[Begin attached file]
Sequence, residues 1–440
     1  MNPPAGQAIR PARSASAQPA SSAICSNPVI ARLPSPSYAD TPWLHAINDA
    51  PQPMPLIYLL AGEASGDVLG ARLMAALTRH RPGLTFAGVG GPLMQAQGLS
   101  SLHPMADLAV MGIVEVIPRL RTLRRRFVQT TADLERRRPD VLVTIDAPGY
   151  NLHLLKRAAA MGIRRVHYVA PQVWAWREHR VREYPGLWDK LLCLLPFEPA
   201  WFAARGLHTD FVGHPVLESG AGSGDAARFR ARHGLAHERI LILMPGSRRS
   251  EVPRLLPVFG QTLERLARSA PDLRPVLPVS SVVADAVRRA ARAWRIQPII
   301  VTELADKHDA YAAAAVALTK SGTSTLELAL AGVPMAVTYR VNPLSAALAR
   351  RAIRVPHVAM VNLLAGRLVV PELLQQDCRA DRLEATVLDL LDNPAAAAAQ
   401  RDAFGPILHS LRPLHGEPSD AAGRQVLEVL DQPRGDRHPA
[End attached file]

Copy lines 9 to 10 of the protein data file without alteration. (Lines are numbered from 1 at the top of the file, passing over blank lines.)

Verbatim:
   351  RAIRVPHVAM VNLLAGRLVV PELLQQDCRA DRLEATVLDL LDNPAAAAAQ
   401  RDAFGPILHS LRPLHGEPSD AAGRQVLEVL DQPRGDRHPA